Microsoft, Google Come to the Aid of Rural Hospitals – Security Boulevard

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Microsoft and Google will provide free or low-cost cybersecurity tools and services to rural hospitals in the United States at a time when health care facilities are coming under increasing attack by ransomware gangs and other threat groups.

For independent rural and critical access hospitals, Microsoft will provide grants and as much as 75% discounts on security products that are designed for smaller organizations and is providing its advanced security suite for free to larger hospitals that already use eligible products from the vendor. In addition, the enterprise software giant will offer free cybersecurity assessments and free training for frontline and IT staff to increase their resiliency to attacks.

Microsoft also will extend free security updates for Windows 10 for a year.

For its part, Google will give rural hospitals and non-profit organizations free endpoint security advice and some will get communication and collaboration tools at a discount, security support, and access to funding for migrating their software.

The company also plans to launch a pilot program for rural hospitals to develop packages of security capabilities that fit their needs.

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Public-Private Effort

The plans laid out by the two IT vendors come in collaboration with the Biden Administration and its National Security Council, the latest effort by the White House to help the health care sector better defend against the rising tide of cyberattacks.

The American Hospital Association (AHA) and the National Rural Health Association (NRHA) also were involved in the effort.

“Cybersecurity is a top priority for America’s hospitals and health systems,” AHA President and CEO Rick Pollack said in a statement. “It is also a shared responsibility. While hospitals and health systems have invested significant resources to guard against cyberattacks, they cannot do it alone, which is why these commitments from Microsoft and Google are important. It’s no secret that many rural hospitals across America are struggling as they serve as a health care lifeline in their communities so keeping them safe is essential.”

The White House estimates that there are 1,800 to 2,100 rural hospitals in the country that serve more than 60 million people.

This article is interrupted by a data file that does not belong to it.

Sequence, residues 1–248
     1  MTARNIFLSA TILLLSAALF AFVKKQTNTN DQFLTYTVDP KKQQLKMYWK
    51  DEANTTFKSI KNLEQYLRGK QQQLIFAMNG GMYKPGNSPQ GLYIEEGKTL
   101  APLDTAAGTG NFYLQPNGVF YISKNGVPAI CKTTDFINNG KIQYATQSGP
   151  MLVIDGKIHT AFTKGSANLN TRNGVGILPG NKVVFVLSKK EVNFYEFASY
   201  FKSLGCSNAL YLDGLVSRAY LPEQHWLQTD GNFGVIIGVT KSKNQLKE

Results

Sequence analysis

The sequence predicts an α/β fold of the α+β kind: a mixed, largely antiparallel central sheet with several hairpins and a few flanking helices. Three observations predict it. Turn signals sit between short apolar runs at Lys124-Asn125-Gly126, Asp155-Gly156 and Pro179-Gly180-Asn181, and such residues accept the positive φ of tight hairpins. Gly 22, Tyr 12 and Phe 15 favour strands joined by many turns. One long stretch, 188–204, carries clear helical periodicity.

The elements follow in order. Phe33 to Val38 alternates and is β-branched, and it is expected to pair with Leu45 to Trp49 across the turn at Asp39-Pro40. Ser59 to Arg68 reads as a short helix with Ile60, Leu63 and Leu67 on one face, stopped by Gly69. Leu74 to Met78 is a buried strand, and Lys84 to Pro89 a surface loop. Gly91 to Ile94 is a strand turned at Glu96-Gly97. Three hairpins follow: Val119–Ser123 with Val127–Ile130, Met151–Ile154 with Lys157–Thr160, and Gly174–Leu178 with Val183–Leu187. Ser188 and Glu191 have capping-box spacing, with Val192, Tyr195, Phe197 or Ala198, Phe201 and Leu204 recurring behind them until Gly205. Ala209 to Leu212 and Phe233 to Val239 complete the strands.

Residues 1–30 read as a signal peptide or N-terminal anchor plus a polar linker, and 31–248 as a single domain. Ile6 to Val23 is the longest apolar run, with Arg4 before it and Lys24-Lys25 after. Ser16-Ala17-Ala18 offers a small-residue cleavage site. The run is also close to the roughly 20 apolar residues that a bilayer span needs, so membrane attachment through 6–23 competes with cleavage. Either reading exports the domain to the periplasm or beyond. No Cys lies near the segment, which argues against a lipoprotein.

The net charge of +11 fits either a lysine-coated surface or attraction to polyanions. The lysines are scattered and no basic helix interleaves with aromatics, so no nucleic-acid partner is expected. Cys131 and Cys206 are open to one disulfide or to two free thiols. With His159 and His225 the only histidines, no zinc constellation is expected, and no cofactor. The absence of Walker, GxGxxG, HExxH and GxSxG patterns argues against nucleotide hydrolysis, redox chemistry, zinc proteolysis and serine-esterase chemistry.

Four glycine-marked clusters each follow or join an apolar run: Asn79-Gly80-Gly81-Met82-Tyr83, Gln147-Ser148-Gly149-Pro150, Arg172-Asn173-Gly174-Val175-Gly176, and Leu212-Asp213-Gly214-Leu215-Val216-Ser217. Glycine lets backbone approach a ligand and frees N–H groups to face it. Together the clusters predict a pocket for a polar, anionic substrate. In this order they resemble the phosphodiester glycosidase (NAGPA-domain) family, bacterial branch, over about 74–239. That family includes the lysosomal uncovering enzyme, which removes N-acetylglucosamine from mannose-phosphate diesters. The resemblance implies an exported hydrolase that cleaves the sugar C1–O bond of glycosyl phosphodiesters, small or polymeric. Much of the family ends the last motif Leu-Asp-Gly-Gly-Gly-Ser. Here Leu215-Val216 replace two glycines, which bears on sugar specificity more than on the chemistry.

Health Care in the Crosshairs

Ransomware attacks this year against Change Healthcare – a subsidiary of giant health insurance and services provider UnitedHealth Group – and Ascension crippled operations at hundreds of hospitals, health care facilities, and pharmacies, causing medical procedures to be postponed, patients having to be transferred to other hospitals, pharmacies unable to fill prescriptions, and payments to facilities to be delayed.

According to Anne Neuberger, deputy national security advisor for cyber and emerging technologies, cyberattacks against health care systems grew 130% year-over-year in 2023, with rural hospitals hit particularly hard given that they often are the sole source of care in their communities and lack trained cybersecurity staffs and modern defenses.

Cybersecurity company Emsisoft found that ransomware attacks against hospital systems – which collectively include 141 hospitals – jumped from 25 in 2022 to 46 a year later, with at least 32 of those incidents resulting in protected health data being stolen.

“Ransomware is without question a risk-to-life threat,” the company wrote. “In medical emergencies, every second counts. If access to treatment is delayed because the ambulances need to be rerouted from ransomed hospitals, bad outcomes become more likely. Patients may die or be left with permanent disabilities that could have been avoided with speedier treatment.

Health care facilities are becoming more frequent targets not only because of the massive amounts of sensitive personal data they hold but also because of the large numbers of connected devices they use and the reputation they have for weak cybersecurity.

Rural Hospitals are Particularly Vulnerable

“Rural hospitals face a unique challenge in cybersecurity, balancing limited resources with the increasing sophistication of cyberthreats, which puts patient data and critical healthcare infrastructure at risk,” NRHA CEO Alan Morgan said in a statement.

According to Microsoft, the services aimed at rural hospitals is the latest effort by the company to improve health for those living in rural areas in the United States and elsewhere. The vendor’s AI for Health program works with an array of global health non-profits, researchers, and organizations on telemedicine and decision making by clinics.

In addition, Microsoft said it is working to bring AI-based offerings to rural hospitals.

“Healthcare should be available no matter where you call home, and the rise in cyberattacks threatens the viability of rural hospitals and impact communities across the U.S.,” Justin Spelhaug, corporate vice president for Microsoft Philanthropies, said in a statement. “Microsoft is committed to delivering vital technology security and support at a time when these rural hospitals need them most.”

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